Please contact Dr. Sarah Badman for further information. For more general information about PhD study in Physics at Lancaster please contact our postgraduate admissions staff at py-pgadmiss@lancaster.ac.uk. You can also apply directly at http://www.lancaster.ac.uk/physics/postgraduate/how-to-apply/ stating the title of the project and the name of the supervisor.

Closing Date

Applications will be accepted until the post is filled. 

Development of novel, charge-based memories for fast, non-volatile data storage. (Dr Manus Hayne)

Supervisor: Dr Manus Hayne

Project Description

The vast majority of memories are either DRAM or Flash. DRAM, which is the working memory in computers and gadgets, is fast, but also volatile and relatively expensive. Flash, on the other hand, is non-volatile and cheap, but slow. A so-called ‘universal memory’ which combines the best of both, i.e. is fast, cheap and non-volatile, has been long been the ‘Holy Grail’ of the memory industry, but has remained elusive.

Lancaster University is offering an industrially-supported EPSRC CASE PhD project on ground-breaking work to develop a novel memory-concept (patent pending) that is a viable candidate for a universal memory. We have very recently (2017) demonstrated operation of non-volatile III-V compound-semiconductor single-cell devices at room temperature. The objective of the project will be to develop and test small arrays of memory cells (2x2 and 4x4), and to reduce device feature sizes into the nanoscale.

The work will be technically demanding, and will involve sample growth by molecular beam epitaxy, advanced device fabrication in state-of-the-art clean rooms and electrical characterisation (training will be provided). The project will be excellent preparation for a research career in academic or industrial research labs. The student will join the Quantum Nanotechnology group, consisting of eleven academics and more than thirty graduate and postdoctoral researchers. Lancaster University is one of the top 10 universities in the UK, and the Physics Department was ranked 2nd in UK for world-leading research in the most recent Research Assessment.

The Physics Department is holder of Athena SWAN Silver award and JUNO Championship status and is strongly committed to fostering diversity within its community as a source of excellence, cultural enrichment, and social strength. We welcome those who would contribute to the further diversification of our department.

Closing Date

Applications will be accepted until the post is filled.

Apply and Contact

Fully funded EPSRC PhD Studentship (Full funding is available to UK applicants).

To apply please go to https://www.lancaster.ac.uk/physics/postgraduate/how-to-apply/

For further information, please contact Dr. Manus Hayne (m.hayne@lancaster.ac.uk)

 

 

Atom-by-atom control and characterisation of molecular structures at surfaces (Dr Samuel Jarvis)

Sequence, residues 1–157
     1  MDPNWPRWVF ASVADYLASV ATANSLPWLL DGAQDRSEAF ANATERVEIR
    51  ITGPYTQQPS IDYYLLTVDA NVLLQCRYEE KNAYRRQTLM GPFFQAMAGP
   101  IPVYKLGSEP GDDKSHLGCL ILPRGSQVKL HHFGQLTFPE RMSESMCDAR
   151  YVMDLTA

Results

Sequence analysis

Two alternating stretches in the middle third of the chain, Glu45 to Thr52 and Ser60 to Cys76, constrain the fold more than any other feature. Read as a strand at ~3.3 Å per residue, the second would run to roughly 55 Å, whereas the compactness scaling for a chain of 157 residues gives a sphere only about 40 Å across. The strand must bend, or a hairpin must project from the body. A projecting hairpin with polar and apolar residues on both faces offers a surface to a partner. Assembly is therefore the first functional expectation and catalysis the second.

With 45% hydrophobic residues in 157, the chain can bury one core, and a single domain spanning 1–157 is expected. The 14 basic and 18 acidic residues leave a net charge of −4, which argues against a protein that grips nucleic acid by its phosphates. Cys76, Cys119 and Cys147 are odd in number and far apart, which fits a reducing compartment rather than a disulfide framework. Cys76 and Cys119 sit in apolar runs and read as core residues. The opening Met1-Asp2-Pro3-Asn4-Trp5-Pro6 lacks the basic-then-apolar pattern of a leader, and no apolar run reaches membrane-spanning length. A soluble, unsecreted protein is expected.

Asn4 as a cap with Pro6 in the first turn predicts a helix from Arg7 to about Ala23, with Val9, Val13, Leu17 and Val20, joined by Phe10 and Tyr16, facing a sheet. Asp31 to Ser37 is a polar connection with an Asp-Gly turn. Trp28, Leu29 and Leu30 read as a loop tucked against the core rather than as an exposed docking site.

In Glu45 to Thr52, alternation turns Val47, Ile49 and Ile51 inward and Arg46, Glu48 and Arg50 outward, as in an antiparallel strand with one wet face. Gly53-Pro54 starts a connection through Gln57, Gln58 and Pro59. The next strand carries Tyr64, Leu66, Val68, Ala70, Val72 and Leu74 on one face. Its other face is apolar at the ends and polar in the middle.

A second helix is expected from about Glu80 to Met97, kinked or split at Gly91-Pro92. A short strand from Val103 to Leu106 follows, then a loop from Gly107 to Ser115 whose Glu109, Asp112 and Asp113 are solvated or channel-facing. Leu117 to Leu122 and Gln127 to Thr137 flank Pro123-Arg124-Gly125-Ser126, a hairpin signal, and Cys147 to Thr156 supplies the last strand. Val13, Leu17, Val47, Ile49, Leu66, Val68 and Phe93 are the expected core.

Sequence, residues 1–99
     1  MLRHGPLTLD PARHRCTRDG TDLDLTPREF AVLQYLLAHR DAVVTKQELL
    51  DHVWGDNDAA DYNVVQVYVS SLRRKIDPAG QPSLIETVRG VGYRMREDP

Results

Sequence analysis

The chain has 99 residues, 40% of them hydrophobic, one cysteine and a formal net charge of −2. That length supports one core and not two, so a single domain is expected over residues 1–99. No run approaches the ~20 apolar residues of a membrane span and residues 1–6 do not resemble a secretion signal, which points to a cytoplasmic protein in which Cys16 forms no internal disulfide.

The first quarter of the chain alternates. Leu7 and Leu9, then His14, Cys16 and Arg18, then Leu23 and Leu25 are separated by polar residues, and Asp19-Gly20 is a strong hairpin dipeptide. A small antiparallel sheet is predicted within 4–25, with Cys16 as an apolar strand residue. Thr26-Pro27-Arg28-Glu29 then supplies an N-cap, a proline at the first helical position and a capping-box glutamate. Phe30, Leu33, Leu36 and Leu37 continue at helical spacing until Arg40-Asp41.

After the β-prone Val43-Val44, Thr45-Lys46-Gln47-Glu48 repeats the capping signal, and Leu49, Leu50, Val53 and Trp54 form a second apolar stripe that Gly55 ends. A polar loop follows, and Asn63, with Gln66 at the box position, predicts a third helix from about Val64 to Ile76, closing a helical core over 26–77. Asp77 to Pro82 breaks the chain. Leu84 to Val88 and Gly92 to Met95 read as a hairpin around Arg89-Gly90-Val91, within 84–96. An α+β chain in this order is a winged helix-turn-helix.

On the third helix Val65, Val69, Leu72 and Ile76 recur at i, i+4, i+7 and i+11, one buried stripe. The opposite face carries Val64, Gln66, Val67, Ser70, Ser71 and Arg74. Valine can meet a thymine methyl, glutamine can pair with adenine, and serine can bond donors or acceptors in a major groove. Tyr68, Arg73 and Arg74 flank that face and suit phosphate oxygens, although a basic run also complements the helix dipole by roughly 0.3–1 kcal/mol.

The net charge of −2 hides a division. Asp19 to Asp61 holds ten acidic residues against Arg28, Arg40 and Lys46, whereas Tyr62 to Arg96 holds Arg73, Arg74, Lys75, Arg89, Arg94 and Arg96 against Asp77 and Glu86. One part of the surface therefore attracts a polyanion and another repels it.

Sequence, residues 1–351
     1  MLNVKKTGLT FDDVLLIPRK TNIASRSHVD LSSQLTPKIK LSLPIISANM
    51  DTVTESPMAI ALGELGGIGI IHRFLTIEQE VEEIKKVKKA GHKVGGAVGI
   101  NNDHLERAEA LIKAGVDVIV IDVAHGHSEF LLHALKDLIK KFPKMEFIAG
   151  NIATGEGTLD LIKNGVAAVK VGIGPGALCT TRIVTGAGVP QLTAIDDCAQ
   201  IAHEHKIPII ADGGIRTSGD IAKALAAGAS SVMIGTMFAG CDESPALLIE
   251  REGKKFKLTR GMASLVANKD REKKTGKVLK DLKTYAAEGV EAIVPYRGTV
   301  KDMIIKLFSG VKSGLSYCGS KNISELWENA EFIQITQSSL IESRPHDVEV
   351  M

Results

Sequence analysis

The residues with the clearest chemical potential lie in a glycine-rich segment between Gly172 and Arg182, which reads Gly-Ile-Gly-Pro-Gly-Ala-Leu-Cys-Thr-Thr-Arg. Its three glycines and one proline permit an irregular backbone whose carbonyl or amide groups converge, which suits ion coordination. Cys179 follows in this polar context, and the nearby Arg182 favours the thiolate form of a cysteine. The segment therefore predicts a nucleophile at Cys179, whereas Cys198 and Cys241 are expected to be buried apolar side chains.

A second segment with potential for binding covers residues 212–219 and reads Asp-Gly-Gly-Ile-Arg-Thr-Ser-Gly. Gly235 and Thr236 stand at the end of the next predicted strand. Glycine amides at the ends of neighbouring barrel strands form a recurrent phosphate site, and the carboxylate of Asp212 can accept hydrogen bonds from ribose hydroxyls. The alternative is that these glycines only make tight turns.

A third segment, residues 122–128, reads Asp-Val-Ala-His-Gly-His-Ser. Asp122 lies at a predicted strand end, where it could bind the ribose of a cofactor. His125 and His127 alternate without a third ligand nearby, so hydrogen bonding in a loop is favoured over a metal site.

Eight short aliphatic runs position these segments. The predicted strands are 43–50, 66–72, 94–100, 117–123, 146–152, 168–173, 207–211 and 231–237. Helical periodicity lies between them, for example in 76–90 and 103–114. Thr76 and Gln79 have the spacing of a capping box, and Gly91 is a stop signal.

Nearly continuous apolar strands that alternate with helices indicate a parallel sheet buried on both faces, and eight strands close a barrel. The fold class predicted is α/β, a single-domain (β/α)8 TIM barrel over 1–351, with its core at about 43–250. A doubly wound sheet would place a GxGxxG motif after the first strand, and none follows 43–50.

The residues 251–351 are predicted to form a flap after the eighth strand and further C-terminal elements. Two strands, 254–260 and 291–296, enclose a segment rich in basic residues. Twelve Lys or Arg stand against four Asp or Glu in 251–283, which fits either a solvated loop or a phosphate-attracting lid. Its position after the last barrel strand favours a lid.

Supervisor:  Dr Samuel Jarvis

Co-supervisor:  Prof. Oleg Kolosov

Project Description

‌We are seeking an outstanding candidate to work on a PhD project in the Physics department and Materials Science Institute at Lancaster University. 

A major challenge in nanotechnology remains the design and construction of novel devices capable of specific functions at the atomic and molecluar scale.  One of the most promising routes towards this goal is the directed self-assembly of single molecule precursors into larger surface structures, such as single-atom-thick ‘wires’ and 2D molecular networks with specific functional properties. 

As a consequence there has been tremendous experimental and theoretical effort to both tune the mechanisms and kinetics of molecular self assembly, and also, importantly, develop methods that can characterise such materials with atomic and submolecular resolution. 

This PhD project aims to develop new approaches for atomic resolution characterisation and methods for directing self-assembly across a range of surface materials, moving beyond current restrictions on sample preparation and characaterisation techniques.  Core to this are atomic force microscopy (AFM) and scanning tunnelling microscopy (STM) which can be used to image and manipulate surfaces and molecules with atomic and submolecular resolution through measurements of atomic forces or electron tunelling.  This project will pursue new methods to stabalise molecular structures on surfaces, with the aim of creating stable molecular networks on non-conducting materials.  Key to this is AFM, which is uniquely capable of imaging in real-space with atomic resolution on non-conducting materials which will be complemented by advanced computational simulation and other surface sensitive techniques.